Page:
It’s important to begin dental care with your pet from a young age in order to prevent complications later in life.
Adult dogs have 42 permanent teeth and puppies have 28 deciduous teeth. Puppies tend to lose their deciduous teeth between 3-6 months.
Common Dental Problems
- Plaque – like humans, pets can suffer from a build-up of plaque on their teeth. This is a soft sticky deposit that contains millions of bacteria and accumulates on teeth.
- Tartar – is very common and can only be removed through scaling and polishing the teeth. For pets, this procedure requires a general anaesthetic, so we strongly encourage owners to develop a good dental health regime from a young age to avoid dental surgery later on in life.
- Gingivitis and other forms of Gum Disease – This is a bacterial infection caused by the accumulation of plaque and tartar. The gums become inflamed and sore, creating cavities between the gums and teeth. The infection usually starts with one tooth and, if left untreated, quickly spreads causing further pain and tooth loss.
- Receding gums – If inflamed gums go unnoticed and are not treated, this can quickly snowball to bleeding, sore gums which recede away from the roots of the teeth. Should this occur, the teeth themselves become exposed to infection, potential loss and abscesses.
Recognising Dental Health Problems
Dogs can sometimes be reluctant to let us know when there is something wrong with them, and dental issues are no exception. However, there are symptoms that are common to both cats and dogs that owners should be aware of. These include:
- Bad breath
- Excessive drooling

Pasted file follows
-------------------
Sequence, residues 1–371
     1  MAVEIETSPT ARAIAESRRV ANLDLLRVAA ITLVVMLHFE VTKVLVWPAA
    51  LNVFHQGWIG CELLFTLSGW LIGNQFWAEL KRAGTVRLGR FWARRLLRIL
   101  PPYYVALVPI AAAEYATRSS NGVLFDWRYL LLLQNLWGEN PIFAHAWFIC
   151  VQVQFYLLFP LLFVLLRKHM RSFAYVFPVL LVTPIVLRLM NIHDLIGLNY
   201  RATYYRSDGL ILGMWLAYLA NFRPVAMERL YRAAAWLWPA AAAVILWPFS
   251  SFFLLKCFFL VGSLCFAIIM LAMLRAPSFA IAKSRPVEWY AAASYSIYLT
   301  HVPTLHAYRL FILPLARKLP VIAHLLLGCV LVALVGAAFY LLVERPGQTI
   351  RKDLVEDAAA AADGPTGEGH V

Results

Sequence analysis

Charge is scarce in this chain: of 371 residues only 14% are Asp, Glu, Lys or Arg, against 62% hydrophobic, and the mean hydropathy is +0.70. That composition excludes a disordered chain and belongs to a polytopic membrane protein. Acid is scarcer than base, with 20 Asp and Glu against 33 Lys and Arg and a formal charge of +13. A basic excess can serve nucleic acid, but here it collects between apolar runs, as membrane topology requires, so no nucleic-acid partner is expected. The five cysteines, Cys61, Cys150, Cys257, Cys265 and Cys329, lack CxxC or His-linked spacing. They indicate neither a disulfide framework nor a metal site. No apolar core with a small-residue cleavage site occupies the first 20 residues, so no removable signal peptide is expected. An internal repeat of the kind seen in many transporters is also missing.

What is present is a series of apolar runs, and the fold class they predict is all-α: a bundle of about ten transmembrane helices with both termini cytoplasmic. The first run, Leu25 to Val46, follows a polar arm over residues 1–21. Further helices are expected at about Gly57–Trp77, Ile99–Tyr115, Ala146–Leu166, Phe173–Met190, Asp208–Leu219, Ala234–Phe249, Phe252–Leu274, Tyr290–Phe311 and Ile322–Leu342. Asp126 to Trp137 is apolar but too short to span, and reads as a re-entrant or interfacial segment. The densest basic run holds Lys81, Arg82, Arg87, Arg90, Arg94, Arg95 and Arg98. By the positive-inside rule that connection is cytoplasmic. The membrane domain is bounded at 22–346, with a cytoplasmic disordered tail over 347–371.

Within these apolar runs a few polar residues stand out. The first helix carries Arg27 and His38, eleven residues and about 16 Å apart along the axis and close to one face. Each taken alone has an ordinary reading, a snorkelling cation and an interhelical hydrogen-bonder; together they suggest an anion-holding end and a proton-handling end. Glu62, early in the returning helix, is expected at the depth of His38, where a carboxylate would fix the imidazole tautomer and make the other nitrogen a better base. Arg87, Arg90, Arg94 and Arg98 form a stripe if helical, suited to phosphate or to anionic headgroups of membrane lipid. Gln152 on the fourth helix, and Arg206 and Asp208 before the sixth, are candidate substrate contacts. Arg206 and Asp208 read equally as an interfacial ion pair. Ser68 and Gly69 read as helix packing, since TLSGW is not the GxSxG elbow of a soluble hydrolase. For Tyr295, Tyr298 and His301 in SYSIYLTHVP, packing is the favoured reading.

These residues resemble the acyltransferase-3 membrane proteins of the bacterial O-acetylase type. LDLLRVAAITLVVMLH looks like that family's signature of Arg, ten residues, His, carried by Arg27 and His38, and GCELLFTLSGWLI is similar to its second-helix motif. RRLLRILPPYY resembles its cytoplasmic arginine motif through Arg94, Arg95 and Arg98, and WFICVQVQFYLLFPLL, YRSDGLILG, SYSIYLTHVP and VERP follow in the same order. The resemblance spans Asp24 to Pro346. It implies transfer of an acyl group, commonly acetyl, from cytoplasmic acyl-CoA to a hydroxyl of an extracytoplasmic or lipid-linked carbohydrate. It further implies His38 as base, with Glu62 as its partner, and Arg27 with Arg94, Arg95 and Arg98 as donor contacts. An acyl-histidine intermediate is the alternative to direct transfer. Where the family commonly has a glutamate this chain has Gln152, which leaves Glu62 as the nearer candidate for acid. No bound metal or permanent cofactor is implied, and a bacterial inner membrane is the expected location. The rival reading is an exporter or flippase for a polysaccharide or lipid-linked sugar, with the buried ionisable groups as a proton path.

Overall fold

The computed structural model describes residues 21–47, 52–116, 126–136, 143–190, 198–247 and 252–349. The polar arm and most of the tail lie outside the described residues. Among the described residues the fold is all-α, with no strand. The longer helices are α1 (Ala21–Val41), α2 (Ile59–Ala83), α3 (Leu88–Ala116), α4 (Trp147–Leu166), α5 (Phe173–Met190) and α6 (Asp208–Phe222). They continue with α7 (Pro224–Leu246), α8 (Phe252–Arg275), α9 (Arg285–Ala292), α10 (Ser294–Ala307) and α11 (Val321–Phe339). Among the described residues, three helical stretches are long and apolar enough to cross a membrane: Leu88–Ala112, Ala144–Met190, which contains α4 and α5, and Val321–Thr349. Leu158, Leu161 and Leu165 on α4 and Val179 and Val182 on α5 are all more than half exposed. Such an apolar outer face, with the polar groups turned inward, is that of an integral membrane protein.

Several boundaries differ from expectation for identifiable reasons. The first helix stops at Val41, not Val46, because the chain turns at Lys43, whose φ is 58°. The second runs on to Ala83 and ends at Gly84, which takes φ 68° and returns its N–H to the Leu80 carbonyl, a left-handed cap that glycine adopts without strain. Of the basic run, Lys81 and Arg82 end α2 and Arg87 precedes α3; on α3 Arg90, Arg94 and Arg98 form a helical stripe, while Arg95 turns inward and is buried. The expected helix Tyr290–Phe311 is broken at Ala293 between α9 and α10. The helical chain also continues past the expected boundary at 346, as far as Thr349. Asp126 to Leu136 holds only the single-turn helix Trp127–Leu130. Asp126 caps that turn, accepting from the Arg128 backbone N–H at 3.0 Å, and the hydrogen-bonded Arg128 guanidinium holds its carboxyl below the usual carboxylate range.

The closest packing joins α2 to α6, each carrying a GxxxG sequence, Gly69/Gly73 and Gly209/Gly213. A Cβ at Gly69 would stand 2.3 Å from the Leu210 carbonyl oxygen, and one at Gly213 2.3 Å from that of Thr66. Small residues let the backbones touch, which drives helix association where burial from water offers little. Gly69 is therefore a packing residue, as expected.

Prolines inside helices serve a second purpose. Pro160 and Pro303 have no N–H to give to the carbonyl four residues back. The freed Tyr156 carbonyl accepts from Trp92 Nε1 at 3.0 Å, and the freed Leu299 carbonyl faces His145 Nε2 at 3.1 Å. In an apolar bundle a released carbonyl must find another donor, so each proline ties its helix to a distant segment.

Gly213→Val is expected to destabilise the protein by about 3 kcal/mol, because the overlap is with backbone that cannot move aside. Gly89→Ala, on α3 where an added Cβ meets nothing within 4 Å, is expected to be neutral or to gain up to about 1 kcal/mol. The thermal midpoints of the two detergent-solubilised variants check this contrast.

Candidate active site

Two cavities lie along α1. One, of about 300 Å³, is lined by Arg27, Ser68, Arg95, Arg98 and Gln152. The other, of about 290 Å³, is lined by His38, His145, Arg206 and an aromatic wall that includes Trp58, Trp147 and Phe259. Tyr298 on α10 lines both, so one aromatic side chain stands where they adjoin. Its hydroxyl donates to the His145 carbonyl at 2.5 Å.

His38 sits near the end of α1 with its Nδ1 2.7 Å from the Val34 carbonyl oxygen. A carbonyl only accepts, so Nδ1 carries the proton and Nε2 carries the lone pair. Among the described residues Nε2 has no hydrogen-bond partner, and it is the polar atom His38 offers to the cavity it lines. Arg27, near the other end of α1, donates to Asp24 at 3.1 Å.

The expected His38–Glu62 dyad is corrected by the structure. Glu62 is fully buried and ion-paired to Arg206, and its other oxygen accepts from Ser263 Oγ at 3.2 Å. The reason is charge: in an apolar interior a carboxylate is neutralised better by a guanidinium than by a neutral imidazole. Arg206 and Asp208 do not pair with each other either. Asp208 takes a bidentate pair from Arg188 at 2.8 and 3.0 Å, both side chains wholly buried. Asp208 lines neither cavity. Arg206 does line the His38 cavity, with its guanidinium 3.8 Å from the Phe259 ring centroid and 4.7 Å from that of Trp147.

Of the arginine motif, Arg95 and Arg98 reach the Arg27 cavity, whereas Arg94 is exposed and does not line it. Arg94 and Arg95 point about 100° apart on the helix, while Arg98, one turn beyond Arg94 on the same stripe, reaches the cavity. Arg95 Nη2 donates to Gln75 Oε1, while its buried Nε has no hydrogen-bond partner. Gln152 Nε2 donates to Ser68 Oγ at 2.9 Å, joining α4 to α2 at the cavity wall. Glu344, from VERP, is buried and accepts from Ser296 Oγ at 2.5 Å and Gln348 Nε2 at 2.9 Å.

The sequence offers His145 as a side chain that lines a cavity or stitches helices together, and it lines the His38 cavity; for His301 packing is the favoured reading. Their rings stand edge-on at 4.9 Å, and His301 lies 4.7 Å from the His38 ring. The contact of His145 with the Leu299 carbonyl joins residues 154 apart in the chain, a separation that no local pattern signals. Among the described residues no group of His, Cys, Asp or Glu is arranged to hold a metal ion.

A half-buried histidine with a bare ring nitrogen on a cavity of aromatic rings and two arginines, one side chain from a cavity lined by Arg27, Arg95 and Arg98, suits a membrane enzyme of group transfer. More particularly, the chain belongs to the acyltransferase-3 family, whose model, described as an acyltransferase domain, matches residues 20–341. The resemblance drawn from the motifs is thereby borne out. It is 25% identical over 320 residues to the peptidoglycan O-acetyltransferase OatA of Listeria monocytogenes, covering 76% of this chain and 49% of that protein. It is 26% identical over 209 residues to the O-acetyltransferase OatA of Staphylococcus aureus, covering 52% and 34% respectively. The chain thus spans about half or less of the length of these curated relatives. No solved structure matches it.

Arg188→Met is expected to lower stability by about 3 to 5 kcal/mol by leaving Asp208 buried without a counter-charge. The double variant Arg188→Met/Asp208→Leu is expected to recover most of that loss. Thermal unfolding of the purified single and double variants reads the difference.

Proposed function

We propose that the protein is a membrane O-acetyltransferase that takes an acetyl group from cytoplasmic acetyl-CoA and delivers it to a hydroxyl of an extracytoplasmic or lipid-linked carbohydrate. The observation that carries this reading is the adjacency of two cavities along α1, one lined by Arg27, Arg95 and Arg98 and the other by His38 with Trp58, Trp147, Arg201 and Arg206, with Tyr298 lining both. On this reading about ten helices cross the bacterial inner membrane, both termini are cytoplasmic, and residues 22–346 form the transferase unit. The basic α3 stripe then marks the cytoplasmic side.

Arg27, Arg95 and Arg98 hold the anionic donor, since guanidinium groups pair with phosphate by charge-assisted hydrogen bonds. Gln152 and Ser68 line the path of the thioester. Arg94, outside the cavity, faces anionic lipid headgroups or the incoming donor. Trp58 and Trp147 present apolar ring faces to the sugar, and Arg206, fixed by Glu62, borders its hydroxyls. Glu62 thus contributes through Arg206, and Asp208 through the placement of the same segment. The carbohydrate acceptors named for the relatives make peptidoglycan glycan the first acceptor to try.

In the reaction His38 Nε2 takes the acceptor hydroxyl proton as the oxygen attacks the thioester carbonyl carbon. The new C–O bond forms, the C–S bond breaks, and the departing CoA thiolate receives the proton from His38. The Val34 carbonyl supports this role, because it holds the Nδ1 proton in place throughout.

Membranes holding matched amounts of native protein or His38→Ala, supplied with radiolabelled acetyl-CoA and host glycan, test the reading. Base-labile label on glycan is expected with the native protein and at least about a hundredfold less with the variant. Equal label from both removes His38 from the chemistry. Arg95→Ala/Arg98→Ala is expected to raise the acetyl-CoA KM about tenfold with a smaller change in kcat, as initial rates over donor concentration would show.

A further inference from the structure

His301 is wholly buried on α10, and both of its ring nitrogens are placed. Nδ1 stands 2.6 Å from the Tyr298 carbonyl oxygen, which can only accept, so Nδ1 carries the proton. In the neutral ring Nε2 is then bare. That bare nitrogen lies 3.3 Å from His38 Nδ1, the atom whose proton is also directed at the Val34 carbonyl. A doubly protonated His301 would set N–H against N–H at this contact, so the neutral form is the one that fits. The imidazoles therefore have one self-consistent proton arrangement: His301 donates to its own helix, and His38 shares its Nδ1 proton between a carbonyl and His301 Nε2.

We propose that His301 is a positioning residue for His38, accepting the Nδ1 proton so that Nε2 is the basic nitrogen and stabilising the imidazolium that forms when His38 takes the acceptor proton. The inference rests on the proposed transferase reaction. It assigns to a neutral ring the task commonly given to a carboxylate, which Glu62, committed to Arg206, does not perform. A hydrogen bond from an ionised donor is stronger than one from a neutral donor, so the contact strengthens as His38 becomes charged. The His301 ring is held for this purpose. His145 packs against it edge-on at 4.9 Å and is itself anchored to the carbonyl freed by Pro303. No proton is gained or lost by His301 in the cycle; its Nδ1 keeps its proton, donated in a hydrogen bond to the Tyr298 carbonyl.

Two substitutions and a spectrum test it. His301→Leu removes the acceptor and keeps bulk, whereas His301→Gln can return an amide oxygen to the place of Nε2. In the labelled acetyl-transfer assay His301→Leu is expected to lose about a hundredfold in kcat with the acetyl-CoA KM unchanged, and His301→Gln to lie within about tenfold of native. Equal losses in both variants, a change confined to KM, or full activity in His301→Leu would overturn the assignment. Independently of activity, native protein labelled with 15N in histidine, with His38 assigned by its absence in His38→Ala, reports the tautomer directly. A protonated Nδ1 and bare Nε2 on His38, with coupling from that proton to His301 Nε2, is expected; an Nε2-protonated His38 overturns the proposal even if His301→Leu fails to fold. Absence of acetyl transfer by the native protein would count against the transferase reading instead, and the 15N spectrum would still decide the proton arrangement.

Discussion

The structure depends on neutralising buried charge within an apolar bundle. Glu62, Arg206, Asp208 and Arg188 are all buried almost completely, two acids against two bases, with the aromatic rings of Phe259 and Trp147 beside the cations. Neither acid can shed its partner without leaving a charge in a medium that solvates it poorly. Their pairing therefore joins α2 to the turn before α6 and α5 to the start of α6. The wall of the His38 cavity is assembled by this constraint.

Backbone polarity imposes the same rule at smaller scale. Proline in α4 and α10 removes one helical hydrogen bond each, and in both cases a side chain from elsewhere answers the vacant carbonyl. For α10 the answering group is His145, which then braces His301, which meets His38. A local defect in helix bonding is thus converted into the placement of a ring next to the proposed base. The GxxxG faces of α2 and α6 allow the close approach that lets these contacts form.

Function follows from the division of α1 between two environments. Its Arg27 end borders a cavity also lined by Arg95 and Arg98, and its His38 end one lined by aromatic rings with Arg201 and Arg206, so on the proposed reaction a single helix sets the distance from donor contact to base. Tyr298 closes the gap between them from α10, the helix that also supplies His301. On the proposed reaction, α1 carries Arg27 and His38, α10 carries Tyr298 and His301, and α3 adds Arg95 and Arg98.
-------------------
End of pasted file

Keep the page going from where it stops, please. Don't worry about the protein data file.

- Pawing the mouth
- Red, bleeding gums
- Discomfort when eating
- Reduced food intake
- Weight loss
If your dog is showing any of these symptoms and you are worried, please contact us straight away. Remember, we offer free nurse dental checks at the practice so it will cost you nothing to put your mind at ease.
Preventing Dental Health Problems
The following measures are effective, relatively inexpensive and will be beneficial to both you and your pet. These include:
- Try to develop a daily brushing habit. Some animals are initially adverse to this, so it’s best to begin as soon as possible when your pets are young enough to grow used to the brushing. We recommend that you introduce brushing gradually to your pet’s routine to increase the chance of success.
- If they will let you, try checking the inside of your dog’s mouth on a regular basis to look for sores or inflammation.
- Utilise some of the many pet dental products on the market such as flavoured toothpaste and special finger brushes. Our Veterinary Nurses will be happy to advise on which dental products would be most suitable for your pet.
- Choose a high-quality dry food diet for your pet.
- Avoid giving your pets sugary treats and human foods, especially the ones that are bad for human teeth too!
If you are concerned about your pet’s dental health, please contact the surgery.